Dr. Joshua A. Gordon, the new director of the National Institute of Mental Health, took office in the final year of Barack Obama’s presidency. But he has this much in common with Obama’s successor: He has little patience for incremental reforms.
A 49-year-old psychiatrist who made his reputation as a brilliant researcher of mice with mutations that mimic human mental disorders, Gordon is convinced that radical changes are needed in the treatment of illnesses like schizophrenia. In an interview in his office at the NIMH campus in Bethesda, Maryland, he lamented that while modest improvements have been made in patient care over the last few decades, we don’t know enough about the brain to “even begin to imagine what the transformative treatments of tomorrow will be like.”
Well, he has a point. Treatments have only seen modest improvements over the last few decades. Serendipity can only take us that far. We need a solid understanding of the brain function before anything else.
Time has come they need to focus on sz…nimh is largest sz reasearch till now mr trump has to allocate a larget economic stuff to sz research…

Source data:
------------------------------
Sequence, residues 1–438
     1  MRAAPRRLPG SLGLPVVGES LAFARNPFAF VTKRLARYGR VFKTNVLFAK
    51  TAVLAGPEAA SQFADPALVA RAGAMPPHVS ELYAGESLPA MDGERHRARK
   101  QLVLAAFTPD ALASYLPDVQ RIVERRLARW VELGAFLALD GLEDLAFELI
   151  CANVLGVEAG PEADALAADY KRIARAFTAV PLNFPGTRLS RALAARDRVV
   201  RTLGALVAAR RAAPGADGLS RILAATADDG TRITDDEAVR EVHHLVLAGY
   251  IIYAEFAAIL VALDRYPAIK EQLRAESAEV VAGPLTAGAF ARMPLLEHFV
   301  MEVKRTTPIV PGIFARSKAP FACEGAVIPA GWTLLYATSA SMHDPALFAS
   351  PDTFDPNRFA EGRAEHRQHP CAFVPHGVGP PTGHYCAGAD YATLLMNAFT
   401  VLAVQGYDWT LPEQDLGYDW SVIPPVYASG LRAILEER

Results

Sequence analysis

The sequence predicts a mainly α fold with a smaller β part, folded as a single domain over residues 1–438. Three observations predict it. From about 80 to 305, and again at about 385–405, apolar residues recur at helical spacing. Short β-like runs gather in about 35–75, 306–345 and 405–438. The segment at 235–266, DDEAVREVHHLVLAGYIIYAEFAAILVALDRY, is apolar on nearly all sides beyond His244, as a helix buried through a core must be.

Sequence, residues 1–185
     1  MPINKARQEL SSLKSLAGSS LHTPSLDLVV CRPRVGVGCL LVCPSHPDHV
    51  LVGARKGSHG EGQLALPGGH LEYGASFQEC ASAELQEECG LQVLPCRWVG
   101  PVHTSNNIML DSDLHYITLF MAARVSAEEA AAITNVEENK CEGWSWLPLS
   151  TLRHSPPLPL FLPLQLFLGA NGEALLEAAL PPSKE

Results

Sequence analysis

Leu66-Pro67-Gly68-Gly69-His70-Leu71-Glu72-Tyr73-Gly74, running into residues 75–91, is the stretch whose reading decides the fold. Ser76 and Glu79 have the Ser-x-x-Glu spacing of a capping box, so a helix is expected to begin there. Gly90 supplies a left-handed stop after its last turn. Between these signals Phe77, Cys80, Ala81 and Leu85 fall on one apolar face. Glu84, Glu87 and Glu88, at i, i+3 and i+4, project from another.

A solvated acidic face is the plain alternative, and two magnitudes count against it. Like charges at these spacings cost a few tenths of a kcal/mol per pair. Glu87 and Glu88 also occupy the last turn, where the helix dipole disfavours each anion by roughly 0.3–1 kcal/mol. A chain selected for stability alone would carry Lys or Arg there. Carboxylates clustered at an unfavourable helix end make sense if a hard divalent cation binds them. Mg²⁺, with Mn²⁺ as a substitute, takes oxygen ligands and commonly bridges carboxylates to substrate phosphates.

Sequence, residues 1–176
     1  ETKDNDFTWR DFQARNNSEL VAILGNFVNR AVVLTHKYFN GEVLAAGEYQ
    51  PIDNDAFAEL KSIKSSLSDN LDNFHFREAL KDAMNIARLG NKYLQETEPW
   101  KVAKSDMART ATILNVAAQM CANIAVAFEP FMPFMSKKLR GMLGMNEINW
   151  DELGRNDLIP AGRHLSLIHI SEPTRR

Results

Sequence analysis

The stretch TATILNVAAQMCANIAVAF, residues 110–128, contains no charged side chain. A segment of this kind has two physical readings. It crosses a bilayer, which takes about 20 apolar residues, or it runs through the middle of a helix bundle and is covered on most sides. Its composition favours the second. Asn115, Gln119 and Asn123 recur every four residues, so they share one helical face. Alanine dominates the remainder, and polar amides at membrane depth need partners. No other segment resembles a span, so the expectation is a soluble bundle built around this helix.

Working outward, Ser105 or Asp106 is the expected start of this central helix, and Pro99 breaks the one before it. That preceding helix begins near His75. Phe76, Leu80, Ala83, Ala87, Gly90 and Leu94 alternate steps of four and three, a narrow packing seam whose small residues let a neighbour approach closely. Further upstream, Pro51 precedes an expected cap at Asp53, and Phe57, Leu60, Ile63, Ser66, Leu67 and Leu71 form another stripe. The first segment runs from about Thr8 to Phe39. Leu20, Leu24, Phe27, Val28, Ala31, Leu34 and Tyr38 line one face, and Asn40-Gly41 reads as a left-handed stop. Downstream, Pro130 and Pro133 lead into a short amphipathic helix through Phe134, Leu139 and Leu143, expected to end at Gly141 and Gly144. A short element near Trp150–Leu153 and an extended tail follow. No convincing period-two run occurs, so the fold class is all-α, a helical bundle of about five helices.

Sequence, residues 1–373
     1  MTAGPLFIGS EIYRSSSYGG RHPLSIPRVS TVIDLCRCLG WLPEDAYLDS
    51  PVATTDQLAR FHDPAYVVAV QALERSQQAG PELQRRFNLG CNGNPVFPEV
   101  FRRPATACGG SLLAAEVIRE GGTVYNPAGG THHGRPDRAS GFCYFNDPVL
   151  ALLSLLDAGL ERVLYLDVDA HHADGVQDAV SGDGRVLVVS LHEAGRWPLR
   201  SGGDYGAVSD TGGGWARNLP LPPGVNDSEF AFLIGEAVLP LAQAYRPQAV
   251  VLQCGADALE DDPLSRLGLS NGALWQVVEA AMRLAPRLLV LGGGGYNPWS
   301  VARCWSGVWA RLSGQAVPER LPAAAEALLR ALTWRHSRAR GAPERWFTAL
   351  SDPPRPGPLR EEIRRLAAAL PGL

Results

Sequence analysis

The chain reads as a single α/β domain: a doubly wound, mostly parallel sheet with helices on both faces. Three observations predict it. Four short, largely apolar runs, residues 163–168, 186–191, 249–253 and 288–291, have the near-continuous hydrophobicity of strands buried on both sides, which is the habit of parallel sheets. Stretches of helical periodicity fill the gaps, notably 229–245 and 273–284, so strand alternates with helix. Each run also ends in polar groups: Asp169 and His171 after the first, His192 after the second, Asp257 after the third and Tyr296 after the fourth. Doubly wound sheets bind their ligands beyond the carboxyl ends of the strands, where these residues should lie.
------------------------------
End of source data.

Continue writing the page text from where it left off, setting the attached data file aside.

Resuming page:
> The time has come for man to set himself a goal. The time has come for man to plant the seed of his highest hope. His soil is still rich enough. But one day this soil will be poor and domesticated, and no tall tree will be able to grow in it. Alas, the time is coming when man will no longer shoot the arrow of his longing beyond man, and the string of his bow will have forgotten how to whir.
Hey andery u are talented…sup buddy…!!!
Sounds like a realist, i am glad
Hmm, I like him, hope they don’t get their funding cut.
I’ve heard it said that the 21st century will be “the century of the brain”, where they get all the neural circuitry mapped out. It raises a lot of philosophical questions. That, and the progress of genetic engineering, is going to confront us with a lot of quandries.